The simpler of the two is to use the go:linkname compiler directive. This allows binding of local symbols to symbols in other packages in a way that completely gets around the usual exported/unexported system.

// unsafe must be imported to use go:linkname.
import "unsafe"

// Use unsafe for something so that importing it is O.K.
var _ = unsafe.Sizeof(struct{}{})

//go:linkname randomSeedFromRuntime runtime.fastrand
func randomSeedFromRuntime() uint64

And that’s it. As long as both the go:linkname directive and the randomSeedFromRuntime() definition exist, you can call randomSeedFromRuntime() to get a pseudo-random uint64 pulled straight from the runtime.

This has, again, problems. In particular, it depends on an unexported API, meaning that there is no guarantee whatsoever that it will still work in any future versions of Go. It is, however, quite a bit faster than most of the other methods in this blog post.

map

In a similar vein to the last approach, the map randomizer can be exploited directly via maps themselves. This can be done by extracting random elements from a map via a for loop:

var randmap = map[int64]struct{}{
	0: struct{}{},
	1: struct{}{},
}

func randomSeedFromMap() (s int64) {
	for i := 0; i < 64; i++ {
		for r := range randmap {
			s |= r << i
			break
		}
	}
	return s
}

Because of the randomizer, each loop over randmap via range will yield either 0 or 1 first. By breaking on the first loop, the function can randomly choose which one to use to build s. Obviously this isn’t the most efficient method for creating a random seed, but it doesn’t produce any errors and it doesn’t rely on unexported runtime API. It can also be made more efficient by expanding the number of map elements and the number of bits per map key, but I’ve kept it simpler here just to show the basic idea.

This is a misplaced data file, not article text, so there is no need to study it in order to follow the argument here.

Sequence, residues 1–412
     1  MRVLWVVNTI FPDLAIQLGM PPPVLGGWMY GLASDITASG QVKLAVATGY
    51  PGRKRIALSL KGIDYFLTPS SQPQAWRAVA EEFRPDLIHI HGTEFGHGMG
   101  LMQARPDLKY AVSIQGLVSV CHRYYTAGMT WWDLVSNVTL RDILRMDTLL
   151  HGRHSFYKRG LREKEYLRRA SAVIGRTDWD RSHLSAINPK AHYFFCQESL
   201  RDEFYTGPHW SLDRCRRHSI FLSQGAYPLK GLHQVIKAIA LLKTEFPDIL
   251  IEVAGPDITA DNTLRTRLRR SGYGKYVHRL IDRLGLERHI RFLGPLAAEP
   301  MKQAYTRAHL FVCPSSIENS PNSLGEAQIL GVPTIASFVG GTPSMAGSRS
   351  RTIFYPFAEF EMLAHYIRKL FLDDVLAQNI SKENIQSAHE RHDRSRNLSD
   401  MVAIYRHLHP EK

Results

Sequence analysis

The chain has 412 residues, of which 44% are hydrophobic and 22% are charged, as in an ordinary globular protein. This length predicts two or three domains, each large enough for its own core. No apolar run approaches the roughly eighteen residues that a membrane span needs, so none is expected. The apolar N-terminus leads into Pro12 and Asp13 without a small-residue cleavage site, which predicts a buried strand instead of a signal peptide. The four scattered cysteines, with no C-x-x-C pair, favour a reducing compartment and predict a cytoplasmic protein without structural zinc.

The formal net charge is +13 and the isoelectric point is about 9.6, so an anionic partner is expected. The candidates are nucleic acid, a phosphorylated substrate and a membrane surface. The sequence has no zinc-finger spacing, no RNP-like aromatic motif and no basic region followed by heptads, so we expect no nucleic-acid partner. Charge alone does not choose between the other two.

select

The last source of randomness is related to the previous in that the runtime produces purposefully random results that can then be exploited. To summarize, whenever a select is presented with multiple possible cases, it will pseudo-randomly pick one of the available ones. This can be used similarly to the randomized looping of maps above:

func randomSeedFromSelect() (s int64) {
	done := make(chan struct{})
	defer close(done)

	c := make(chan int64)
	go func() {
		for {
			select {
			case <-done:
				return
			case c <- 0:
			case c <- 1:
			}
		}
	}()

	for i := 0; i < 64; i++ {
		s |= <-c << i
	}
	return s
}

This is, quite frankly, the worst of the approaches presented here. The use of channels means that a fair bit of locking is involved, which will slow this down immensely, far more than necessary, even if the generator loop is moved outside of the function and left running for multiple calls. Despite this, this is my personal favorite just for the sheer absurdity of it.

Conclusion

So, what did we learn today?

Nothing useful, that’s for sure.

If you’d like to try the code for yourself, here is, not surprisingly, a playground link that has all of the methods described above defined in it.